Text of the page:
Saturday, June 6, 2015

sasing

a.k.a. saypo in Boholano & Cebuano
saypo in Surigaonon
tasing in Cantilangnon (Cantilan, Surigao del sur)

sasing – (sa-sing; Cebuano, Boholano, Davaoeño [southeastern Mindanao] and Misamis occidental [northern Mindanao], Waray, and Romblomanon worm /seafood) [n.] peanut worm (sc.name: Sipunculus nudus);




A sand worm or sand burrower of the family Echiurus that burrows under sandy clayish soil of the sea shore.

Sasing burrows in moist sandy-muddy ground along the shore and river deltas.  A hole like this is a sign that peanut worm is just around beneath the sand.

It is an exotic delicacy to some Pinoys. It is often eaten as kinilaw nga sasing where its cylindrical body is inverted inside out and cleaned of its content by washing on seawater. The cleaned inverted  skin is then dipped in spiced vinegar and munched.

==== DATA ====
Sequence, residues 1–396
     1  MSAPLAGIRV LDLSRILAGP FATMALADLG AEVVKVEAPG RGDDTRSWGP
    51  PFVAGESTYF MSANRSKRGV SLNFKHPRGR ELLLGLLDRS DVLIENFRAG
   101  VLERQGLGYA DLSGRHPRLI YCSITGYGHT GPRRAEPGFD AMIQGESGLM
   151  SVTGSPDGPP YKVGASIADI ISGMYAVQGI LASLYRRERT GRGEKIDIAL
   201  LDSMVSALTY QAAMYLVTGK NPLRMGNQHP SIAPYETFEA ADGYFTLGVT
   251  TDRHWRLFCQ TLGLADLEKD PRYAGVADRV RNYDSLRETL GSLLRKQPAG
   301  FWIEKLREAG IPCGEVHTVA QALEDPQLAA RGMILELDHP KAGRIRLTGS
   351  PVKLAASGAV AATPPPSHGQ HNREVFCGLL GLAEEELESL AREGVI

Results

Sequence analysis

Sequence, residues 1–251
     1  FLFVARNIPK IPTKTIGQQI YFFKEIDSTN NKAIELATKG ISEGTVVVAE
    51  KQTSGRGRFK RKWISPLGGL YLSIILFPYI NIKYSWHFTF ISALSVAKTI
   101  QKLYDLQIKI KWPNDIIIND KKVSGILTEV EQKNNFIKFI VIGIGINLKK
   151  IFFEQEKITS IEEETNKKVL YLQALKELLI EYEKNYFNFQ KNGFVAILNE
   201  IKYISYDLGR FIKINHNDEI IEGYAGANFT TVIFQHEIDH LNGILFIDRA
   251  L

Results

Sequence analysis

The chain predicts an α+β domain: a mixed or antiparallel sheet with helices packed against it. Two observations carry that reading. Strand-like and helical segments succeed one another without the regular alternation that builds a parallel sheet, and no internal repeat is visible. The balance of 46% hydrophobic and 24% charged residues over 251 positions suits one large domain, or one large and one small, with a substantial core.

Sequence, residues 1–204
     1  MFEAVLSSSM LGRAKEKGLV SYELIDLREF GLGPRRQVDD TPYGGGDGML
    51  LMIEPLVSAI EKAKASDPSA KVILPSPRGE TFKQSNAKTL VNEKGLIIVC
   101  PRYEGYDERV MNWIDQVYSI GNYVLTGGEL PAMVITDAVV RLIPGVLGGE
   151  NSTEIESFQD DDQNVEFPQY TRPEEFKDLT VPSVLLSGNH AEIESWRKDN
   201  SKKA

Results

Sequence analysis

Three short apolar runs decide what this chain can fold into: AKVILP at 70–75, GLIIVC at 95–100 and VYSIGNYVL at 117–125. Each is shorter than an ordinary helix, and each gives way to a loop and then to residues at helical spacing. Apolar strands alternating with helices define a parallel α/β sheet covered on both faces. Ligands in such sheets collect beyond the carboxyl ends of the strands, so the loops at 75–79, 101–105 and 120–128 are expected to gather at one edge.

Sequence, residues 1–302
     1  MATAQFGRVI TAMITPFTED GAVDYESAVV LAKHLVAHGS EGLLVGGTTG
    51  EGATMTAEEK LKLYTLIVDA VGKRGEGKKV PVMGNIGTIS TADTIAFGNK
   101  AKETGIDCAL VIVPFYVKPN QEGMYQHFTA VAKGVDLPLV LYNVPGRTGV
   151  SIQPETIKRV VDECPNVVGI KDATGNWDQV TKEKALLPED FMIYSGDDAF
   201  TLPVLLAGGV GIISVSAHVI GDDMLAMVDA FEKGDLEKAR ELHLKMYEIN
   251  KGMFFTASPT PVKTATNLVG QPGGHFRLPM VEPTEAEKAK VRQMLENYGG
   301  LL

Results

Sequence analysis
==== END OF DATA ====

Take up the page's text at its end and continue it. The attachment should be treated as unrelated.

It has a crunchy leathery texture and has to be chewed well to savor its flavor. 

THESE WORMS LOOK FAMILIAR 
 My sasing video clip in YouTube

It is considered as an exotic delicacy and as an aphrodisiac by some Pinoys.


So called peanut worm in English because when inverted, the skin of this exotic worm would look like empty peanut shell. 

The worms are washed clean then inverted inside out by pushing a bamboo stick from one end and through inside the body so as to clean its muddy contents. The inverted worms are washed again thoroughly on seawater, drained and then seasoned with spiced up vinegar to become an exotic dish called kinilaw nga sasing

Although sasing lives and feeds in the sandy mud, some Filipino Muslim does not consider this as unclean or filth to be among those forbidden (Haram) in Islamic Laws. Nevertheless, this exotic worm should be served with caution to Muslim or any follower of Islamic faith, so as not to offend or insult them


Related posts:

Personal notes

I read a news report that some residents of Inopacan, Leyte province believe that sasing has curative powers against tuberculosis and anemia. Click HERE for that GMA Network news:


For more about Pinoy foods, see also my OPEN & FREE food dictionary.


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